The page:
Comparing this in far lenghts to the weak hack-and-slash series Dynasty Warriors is an insult, they have less in common than you think.
Overall rating 
 
8.6
Gameplay 
 
8.0
Presentation 
 
8.0
Value  
 
9.0
Fun Factor 
 
10.0
Tilt 
 
8.0
Reviewed by Chris W November 06, 2010

FOTNS

What are you going on about? Not being able to direct your movements? An unforgiving momentum-breaking movement delay?

The game plays great, and music fits with a beat 'em up. I'm not familiar with the North Star anime except some youtube videos, but I really enjoyed this game. I think what's really "broken" are your arguments. The signature moves are awesome, the boss battles are awesome, your normal movesets are great too.

Comparing this in far lenghts to the weak hack-and-slash series Dynasty Warriors is an insult, they have less in common than you think.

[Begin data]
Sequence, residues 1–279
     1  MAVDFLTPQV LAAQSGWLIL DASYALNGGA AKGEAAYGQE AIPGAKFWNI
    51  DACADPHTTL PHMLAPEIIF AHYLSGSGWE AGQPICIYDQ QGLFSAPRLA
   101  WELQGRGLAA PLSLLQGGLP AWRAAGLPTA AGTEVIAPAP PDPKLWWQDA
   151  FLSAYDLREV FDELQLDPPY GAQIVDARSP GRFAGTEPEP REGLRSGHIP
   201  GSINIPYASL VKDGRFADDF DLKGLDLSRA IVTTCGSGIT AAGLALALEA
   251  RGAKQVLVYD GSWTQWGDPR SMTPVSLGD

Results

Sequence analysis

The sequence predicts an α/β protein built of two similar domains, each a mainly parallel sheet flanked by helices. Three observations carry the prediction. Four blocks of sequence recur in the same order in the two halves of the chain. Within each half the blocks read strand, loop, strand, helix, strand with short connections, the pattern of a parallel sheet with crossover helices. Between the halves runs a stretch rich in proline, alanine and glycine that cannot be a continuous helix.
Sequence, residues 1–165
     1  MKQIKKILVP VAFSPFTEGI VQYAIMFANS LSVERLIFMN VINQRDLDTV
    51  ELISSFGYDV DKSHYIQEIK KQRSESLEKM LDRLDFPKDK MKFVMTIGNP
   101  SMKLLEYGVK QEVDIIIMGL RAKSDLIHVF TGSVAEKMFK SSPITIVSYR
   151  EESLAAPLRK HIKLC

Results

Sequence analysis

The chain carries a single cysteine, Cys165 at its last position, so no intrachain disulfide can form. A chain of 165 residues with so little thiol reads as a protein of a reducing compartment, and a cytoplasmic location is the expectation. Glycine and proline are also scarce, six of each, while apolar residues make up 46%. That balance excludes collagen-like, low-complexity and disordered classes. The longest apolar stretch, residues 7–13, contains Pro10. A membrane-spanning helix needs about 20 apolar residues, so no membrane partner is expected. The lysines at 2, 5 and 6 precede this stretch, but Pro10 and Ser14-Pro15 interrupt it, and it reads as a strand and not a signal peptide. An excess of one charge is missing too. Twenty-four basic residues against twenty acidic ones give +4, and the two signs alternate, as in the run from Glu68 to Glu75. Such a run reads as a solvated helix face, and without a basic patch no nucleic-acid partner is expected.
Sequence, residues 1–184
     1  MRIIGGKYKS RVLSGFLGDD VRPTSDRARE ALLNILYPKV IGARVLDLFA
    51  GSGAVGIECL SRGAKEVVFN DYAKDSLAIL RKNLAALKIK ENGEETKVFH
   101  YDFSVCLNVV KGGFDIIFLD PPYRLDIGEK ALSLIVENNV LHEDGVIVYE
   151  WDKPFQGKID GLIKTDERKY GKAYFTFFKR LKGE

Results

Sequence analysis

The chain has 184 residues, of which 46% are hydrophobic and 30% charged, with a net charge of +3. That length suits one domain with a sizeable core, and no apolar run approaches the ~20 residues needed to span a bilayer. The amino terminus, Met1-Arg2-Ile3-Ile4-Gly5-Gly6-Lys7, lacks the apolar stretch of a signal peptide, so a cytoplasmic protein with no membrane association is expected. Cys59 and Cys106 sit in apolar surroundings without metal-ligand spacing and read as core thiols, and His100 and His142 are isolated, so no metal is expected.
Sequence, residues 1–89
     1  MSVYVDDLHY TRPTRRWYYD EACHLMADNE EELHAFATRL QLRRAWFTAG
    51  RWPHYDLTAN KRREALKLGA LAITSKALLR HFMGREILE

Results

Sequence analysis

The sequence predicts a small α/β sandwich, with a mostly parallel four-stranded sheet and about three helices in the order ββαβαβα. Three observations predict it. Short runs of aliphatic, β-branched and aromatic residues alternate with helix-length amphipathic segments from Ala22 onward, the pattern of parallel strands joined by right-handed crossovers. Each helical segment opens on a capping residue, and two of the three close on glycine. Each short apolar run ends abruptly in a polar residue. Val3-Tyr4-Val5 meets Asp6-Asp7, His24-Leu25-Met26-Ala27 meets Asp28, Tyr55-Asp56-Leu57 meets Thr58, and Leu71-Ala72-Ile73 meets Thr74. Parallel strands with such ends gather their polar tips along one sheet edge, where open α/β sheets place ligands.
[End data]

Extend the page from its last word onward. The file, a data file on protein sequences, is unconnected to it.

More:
Owner's reply

Thanks for reading. There's not much else I have to say that I didn't state in the review, but I will respond to your comments.

I've always had a soft spot for Koei brawlers, but I would argue that the short delay after the end of combo or a jump breaks gameflow. It's difficult to change the direction your character is moving whilst he is in the middle of combo -- this makes mob control very difficult for characters that can't cancel out of their combos. It's very relevant to compare this to the Dynasty Warriors series, seeing as it uses it as a template, and was developed by Omega Force. Even their games from 6 years ago played better than this one.

Agree to disagree on this one, it seems.